# Attacking Differential Privacy Using the Correlation Between the Features

Learn how the differential privacy works by simulating attack on data protected with that technique.

## Introduction

Differential privacy is a technique that adds random noise to the data to protect individual privacy while still allowing for accurate data analysis. However, differential privacy can still be vulnerable to attacks that can compromise the privacy of individuals. One such attack is through the use of correlation between features. In this blog post, we will discuss how an attacker can use correlation between features to attack differential privacy and how to mitigate this attack.

## Background

Differential privacy adds random noise to the data to protect the privacy of individuals. The amount of noise added depends on a parameter called the privacy budget. The higher the privacy budget, the less noise is added, and the lower the privacy budget, the more noise is added. The privacy budget is usually set based on the desired level of privacy and the size of the data set. A smaller privacy budget leads to better privacy but less accurate data analysis, while a larger privacy budget leads to less privacy but more accurate data analysis.

## Correlation Between Features

In many data sets, the features are not independent but are correlated with each other. Correlation between features can be measured using the correlation coefficient. The correlation coefficient between two features x and y is defined as:

$$ρ_{x,y} = cov(x,y) / (σ_x * σ_y)$$

where $$cov(x,y)$$ is the covariance between $$x$$ and $$y$$, and $$\sigma_x$$ and $$\sigma_y$$ are the standard deviations of $$x$$ and $$y$$, respectively.

Correlation between features can be used to attack differential privacy. An attacker can use the correlation between features to infer the presence or absence of an individual's data in the data set. For example, suppose an attacker knows that two features x and y are highly correlated. If the attacker sees that the value of y is very different from what they would expect based on the value of x, they can infer that the individual's data was not included in the data set.

## Steps for the attack using correlation between features

An attacker can use the following steps to attack differential privacy using correlation between features:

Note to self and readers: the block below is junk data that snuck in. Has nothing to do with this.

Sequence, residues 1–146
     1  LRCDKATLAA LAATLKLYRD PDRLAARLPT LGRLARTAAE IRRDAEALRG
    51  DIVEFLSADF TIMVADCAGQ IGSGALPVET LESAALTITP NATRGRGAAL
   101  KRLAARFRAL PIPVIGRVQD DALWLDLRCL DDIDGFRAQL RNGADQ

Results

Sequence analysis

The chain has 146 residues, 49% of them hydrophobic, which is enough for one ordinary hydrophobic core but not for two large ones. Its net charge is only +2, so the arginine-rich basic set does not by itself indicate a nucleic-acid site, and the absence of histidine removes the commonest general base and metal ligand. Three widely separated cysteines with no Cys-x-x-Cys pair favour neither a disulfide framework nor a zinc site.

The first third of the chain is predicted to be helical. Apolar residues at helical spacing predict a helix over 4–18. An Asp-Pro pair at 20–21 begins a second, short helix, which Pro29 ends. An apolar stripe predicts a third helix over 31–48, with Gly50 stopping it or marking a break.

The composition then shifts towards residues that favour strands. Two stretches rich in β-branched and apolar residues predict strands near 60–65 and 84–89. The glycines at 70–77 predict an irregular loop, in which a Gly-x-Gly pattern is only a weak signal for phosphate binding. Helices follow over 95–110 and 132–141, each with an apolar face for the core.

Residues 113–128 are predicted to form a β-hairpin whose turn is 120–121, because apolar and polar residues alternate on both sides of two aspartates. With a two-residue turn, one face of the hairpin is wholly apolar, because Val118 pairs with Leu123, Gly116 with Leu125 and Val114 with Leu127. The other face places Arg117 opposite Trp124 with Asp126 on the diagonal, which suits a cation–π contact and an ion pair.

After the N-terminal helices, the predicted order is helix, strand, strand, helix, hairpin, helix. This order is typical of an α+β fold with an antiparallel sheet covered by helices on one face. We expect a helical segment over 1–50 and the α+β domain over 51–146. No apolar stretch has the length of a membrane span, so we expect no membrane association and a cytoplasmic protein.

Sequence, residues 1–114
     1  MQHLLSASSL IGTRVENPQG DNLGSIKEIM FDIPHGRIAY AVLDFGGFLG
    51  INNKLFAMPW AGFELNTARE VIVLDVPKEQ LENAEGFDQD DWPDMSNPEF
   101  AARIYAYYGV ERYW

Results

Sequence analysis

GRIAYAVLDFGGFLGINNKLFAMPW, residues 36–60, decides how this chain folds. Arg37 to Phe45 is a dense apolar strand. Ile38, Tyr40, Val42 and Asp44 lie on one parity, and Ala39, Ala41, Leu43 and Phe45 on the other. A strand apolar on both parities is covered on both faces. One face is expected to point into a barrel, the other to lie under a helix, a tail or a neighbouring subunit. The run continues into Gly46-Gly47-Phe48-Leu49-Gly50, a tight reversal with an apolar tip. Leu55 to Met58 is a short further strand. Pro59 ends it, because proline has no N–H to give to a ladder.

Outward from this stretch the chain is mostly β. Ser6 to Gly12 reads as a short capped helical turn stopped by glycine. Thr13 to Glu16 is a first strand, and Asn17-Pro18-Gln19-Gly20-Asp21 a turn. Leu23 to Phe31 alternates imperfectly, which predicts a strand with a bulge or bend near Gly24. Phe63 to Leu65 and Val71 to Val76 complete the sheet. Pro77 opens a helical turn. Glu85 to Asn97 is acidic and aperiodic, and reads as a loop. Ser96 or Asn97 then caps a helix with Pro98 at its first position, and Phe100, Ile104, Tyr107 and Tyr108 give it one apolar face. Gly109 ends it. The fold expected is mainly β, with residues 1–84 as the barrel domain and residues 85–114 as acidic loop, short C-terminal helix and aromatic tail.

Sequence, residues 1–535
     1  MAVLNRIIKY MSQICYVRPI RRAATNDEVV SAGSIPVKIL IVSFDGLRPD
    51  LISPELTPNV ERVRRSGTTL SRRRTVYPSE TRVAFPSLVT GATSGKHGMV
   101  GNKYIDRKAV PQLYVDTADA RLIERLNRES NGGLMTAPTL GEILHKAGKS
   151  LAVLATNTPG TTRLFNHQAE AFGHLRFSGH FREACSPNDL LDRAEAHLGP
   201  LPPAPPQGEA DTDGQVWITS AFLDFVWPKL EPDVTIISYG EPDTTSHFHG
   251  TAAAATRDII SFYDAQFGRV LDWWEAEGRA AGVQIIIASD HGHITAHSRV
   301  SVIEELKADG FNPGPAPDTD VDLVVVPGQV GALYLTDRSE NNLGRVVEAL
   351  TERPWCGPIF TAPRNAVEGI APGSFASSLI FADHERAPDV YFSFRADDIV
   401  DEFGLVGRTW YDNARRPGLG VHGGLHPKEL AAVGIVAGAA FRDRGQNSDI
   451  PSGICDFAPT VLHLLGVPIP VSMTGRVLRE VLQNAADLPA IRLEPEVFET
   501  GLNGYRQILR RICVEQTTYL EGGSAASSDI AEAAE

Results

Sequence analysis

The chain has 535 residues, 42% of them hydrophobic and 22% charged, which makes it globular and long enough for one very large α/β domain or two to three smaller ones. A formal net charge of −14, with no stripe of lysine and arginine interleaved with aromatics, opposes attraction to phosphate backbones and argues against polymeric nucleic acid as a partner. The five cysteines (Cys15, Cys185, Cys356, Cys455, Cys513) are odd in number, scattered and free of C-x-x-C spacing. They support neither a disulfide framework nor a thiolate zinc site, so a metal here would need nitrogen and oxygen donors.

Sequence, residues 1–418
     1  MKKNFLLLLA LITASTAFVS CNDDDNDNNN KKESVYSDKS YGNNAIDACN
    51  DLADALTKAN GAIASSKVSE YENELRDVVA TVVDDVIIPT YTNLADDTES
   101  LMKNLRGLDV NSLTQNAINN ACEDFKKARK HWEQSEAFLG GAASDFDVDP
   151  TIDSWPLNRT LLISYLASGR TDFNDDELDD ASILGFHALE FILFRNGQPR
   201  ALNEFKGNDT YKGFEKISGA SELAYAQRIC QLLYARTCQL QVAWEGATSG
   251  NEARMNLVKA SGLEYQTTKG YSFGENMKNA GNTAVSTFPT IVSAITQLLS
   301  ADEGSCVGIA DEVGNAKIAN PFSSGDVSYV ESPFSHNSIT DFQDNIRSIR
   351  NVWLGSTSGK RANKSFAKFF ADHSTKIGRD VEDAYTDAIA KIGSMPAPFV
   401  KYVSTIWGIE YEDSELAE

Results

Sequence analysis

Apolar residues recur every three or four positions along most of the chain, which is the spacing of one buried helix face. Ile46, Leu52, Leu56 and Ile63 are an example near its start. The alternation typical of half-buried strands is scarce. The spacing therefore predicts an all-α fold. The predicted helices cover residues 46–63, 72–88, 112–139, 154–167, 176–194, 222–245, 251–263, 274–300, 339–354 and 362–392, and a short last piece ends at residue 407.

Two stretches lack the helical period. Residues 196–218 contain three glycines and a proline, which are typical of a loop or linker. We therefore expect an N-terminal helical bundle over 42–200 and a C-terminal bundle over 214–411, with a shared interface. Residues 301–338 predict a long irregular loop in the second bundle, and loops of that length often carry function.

### 1. Identify highly correlated features

The attacker identifies which features in the data set are highly correlated with each other.

### 2. Compute expected values

The attacker computes the expected values of the features based on the values of the other features.

### 3. Compare expected and observed values

The attacker compares the expected values with the observed values of the features. If the observed values are significantly different from the expected values, the attacker can infer that the individual's data was not included in the data set.

## Mitigating the Attack

There are several ways to mitigate the attack using correlation between features. One approach is to decorrelate the features by transforming the data. For example, principal component analysis (PCA) can be used to decorrelate the features. Another approach is to add noise to the data in a way that preserves the correlation between features. This approach is called differentially private PCA (DP-PCA). DP-PCA adds noise to the data in a way that satisfies differential privacy while preserving the correlation between features.

## Summary

Correlation between features can be used to attack differential privacy. An attacker can use the correlation between features to infer the presence or absence of an individual's data in the data set. To mitigate this attack, the features can be decorrelated or noise can be added to the data using DP-PCA. Data security experts should be aware of this attack and take appropriate measures to mitigate its effects.

## Tutorial

In this tutorial, we will go through the steps of attacking differential privacy by exploiting correlations between features, using Python code to demonstrate each step.

In the tutorial we will be using pydp Python library, so you need to install it first:

pip install python-dp


### Select a dataset that requires privacy protection